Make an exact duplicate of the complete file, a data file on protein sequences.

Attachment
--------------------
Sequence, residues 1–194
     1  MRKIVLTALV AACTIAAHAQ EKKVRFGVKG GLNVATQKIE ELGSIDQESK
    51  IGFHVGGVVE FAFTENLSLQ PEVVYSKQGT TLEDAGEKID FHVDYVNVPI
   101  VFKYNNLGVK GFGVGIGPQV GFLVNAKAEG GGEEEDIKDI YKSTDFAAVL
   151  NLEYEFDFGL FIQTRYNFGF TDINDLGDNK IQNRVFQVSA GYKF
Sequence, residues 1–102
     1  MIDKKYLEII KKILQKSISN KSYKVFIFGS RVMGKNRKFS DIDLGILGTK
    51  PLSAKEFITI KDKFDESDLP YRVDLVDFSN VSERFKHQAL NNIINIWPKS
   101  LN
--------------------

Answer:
Sequence, residues 1–194
     1  MRKIVLTALV AACTIAAHAQ EKKVRFGVKG GLNVATQKIE ELGSIDQESK
    51  IGFHVGGVVE FAFTENLSLQ PEVVYSKQGT TLEDAGEKID FHVDYVNVPI
   101  VFKYNNLGVK GFGVGIGPQV GFLVNAKAEG GGEEEDIKDI YKSTDFAAVL
   151  NLEYEFDFGL FIQTRYNFGF TDINDLGDNK IQNRVFQVSA GYKF
Sequence, residues 1–102
     1  MIDKKYLEII KKILQKSISN KSYKVFIFGS RVMGKNRKFS DIDLGILGTK
    51  PLSAKEFITI KDKFDESDLP YRVDLVDFSN VSERFKHQAL NNIINIWPKS
   101  LN